Symptoms to look out for amid flesh-eating epidemic
IT’S “just a really ugly scar” for Amelia Grant now, but for a while it was an open wound that refused to heal.
For three long months the 38-year-old from Geelong in Victoria had what she describes as a “tiny little hole in my leg”. It was red and itchy on the surface but there was no cause for alarm, she thought.
She couldn’t have known that underneath the surface her flesh was being eaten away. Ms Grant had somehow picked up the mysterious flesh-eating Buruli ulcer during a trip to the Bellarine Peninsula in Victoria, an area health authorities this week declared a breeding ground for the disease where cases are at epidemic levels.
A startling report in the Medical Journal Of Australia on Monday demanded an “urgent scientific response”, citing a 400 per cent increase in confirmed infections in four years. This is what Ms Grant says people should look out for.
‘THERE WAS NO PAIN’
“It was 2006 when I got it and there were only 50 cases in Victoria at that stage. Mine was a tiny little hole in my leg that didn’t heal,” she told news.com.au.
“There was no pain but I went to the doctor and luckily he diagnosed it straight away. I had a biopsy the next day that confirmed it and it was cut out and stitched up.”
Surgeons originally took a small chunk of skin from around the ulcer on Ms Grant’s lower left leg. But six months later it was back.
“When it came back, it was in exactly the same spot. The next time they cut quite a big hole out of the front of my leg.”
She describes the hole left behind as “the size of a mandarin”. It would be four surgeries, including a skin graft, before the ulcer was gone for good.
Earlier this year, 12 years on, Ms Grant “freaked out” when a small red spot appeared. She raced to the doctor who told her it was a spider bite. Doctors say she would be very unlucky for the ulcer to return.
Ms Grant said the experience taught her that if something is not right, get it checked. She said the ulcer seemed harmless but could’ve done serious damage. She wants people who have visited the Bellarine Peninsula to keep an eye out for anything unusual, particularly on the limbs.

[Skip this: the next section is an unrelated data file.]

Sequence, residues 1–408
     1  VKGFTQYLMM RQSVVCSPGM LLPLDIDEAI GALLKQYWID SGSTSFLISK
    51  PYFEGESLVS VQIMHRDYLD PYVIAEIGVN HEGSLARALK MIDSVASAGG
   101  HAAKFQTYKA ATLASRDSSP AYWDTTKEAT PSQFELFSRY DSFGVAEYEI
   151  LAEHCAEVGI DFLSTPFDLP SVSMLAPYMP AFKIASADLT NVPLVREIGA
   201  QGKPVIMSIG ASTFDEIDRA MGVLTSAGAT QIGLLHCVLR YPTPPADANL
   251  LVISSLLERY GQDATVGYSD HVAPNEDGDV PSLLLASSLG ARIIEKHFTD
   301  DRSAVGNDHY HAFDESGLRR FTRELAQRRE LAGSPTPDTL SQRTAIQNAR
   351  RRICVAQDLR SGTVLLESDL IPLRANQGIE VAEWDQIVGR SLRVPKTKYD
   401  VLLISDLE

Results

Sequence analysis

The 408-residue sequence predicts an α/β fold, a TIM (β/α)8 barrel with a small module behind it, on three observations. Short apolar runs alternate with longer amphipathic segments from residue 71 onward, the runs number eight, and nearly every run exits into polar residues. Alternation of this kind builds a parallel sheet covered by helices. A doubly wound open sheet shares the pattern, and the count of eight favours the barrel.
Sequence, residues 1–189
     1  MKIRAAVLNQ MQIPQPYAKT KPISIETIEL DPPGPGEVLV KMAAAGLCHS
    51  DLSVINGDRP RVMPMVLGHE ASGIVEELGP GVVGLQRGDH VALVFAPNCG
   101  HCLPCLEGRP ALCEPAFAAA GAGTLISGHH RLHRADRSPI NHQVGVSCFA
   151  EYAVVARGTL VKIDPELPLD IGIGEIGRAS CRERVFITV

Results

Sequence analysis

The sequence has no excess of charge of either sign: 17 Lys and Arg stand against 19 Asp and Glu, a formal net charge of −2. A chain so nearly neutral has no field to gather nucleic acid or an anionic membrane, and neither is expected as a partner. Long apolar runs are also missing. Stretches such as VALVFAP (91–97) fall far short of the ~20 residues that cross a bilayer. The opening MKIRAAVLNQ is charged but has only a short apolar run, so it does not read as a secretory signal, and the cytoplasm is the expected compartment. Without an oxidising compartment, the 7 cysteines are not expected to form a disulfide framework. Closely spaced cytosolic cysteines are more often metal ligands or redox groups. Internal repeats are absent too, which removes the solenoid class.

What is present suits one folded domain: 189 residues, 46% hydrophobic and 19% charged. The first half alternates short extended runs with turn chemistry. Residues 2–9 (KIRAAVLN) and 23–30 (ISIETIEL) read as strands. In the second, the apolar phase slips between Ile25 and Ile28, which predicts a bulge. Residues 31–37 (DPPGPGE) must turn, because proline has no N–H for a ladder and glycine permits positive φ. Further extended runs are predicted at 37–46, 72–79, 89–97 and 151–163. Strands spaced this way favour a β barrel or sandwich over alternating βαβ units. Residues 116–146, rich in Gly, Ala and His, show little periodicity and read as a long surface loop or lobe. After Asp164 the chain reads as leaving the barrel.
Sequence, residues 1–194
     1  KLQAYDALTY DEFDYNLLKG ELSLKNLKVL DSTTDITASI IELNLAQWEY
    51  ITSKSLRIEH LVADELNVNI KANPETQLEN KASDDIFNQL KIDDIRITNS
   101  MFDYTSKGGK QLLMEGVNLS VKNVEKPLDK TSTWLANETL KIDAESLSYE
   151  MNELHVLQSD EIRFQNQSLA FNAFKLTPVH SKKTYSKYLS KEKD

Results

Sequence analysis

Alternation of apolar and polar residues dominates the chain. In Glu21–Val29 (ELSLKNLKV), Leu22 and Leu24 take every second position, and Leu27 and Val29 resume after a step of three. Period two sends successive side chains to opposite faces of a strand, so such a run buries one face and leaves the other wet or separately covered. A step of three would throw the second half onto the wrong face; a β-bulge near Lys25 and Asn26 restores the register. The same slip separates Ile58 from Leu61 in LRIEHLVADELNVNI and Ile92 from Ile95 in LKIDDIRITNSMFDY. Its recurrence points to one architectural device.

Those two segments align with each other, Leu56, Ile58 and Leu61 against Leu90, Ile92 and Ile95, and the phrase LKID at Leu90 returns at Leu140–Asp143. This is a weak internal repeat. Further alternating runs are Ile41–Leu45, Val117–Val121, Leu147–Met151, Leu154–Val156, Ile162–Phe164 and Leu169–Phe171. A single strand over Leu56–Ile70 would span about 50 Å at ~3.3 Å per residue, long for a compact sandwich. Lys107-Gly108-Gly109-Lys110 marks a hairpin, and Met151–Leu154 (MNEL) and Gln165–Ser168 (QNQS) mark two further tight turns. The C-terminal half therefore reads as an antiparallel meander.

‘THE FRIGHTENING VERSION IS VERY AGGRESSIVE’
Infectious diseases specialist, associate professor Daniel O’Brien from Barwon Health, told news.com.au symptoms differ greatly between patients.
“For the majority of people it starts with a pimple on the limb. Most commonly it’s on the legs or arms and it ulcerates in the middle. Typically, it’s painless but some people can get a lump under the skin and the frightening version is very aggressive.
“In about 10 per cent of cases there’s redness and swelling and pain, typically over a joint, that rapidly progresses.”
Dr O’Brien said for some people it will get worse immediately while for others it will grow slowly, sometimes over a period of months and weeks. Naturally, the earlier it can be identified, the better.
“The quicker we get to it, the easier it is to treat,” he said. “It’ll heal quicker, there will be less damage to your body, you’ll need less antibiotics. From my experience, the key is often that the person is aware of it and asking health practitioners if it could be the Buruli ulcer.”
He said surgery is far less common today than it was 10 years ago. Patients are instead treated with antibiotics and the treatment is 99 per cent effective in curing the condition. But the drugs are powerful and about 20 per cent of people have a severe reaction, Dr O’Brien said.
‘THERE IS A MISSING LINK’
Dr O’Brien said “nobody knows” why the Buruli ulcer — also known as the Bairnsdale ulcer — is occurring in coastal Victoria when it is typically a tropical disease.
“What’s it doing down there? We don’t know. Therefore we don’t know how to stop it going to other areas.”
He and other experts have “educated theories” around how it is transmitted — including mosquito bites and soil getting into wounds — but no definitive answers.
“They’re our theories but none of that has ever been proven. The epidemic is increasing and you could argue that at this stage there probably is a missing link.”
Monday’s report declared that “as a community, we are facing a rapidly worsening epidemic of a severe disease without knowing how to prevent it”.
“We therefore need an urgent response based on robust scientific knowledge acquired by a thorough and exhaustive examination of the environment, local fauna, human behaviour and characteristics, and the interactions between them.
“It is only when we are armed with this critical knowledge that we can hope to halt the devastating impact of this disease through the design and implementation of effective public health interventions.
“The time to act is now, and we advocate for local, regional and national governments to urgently commit to funding the research needed to stop Buruli ulcer.”
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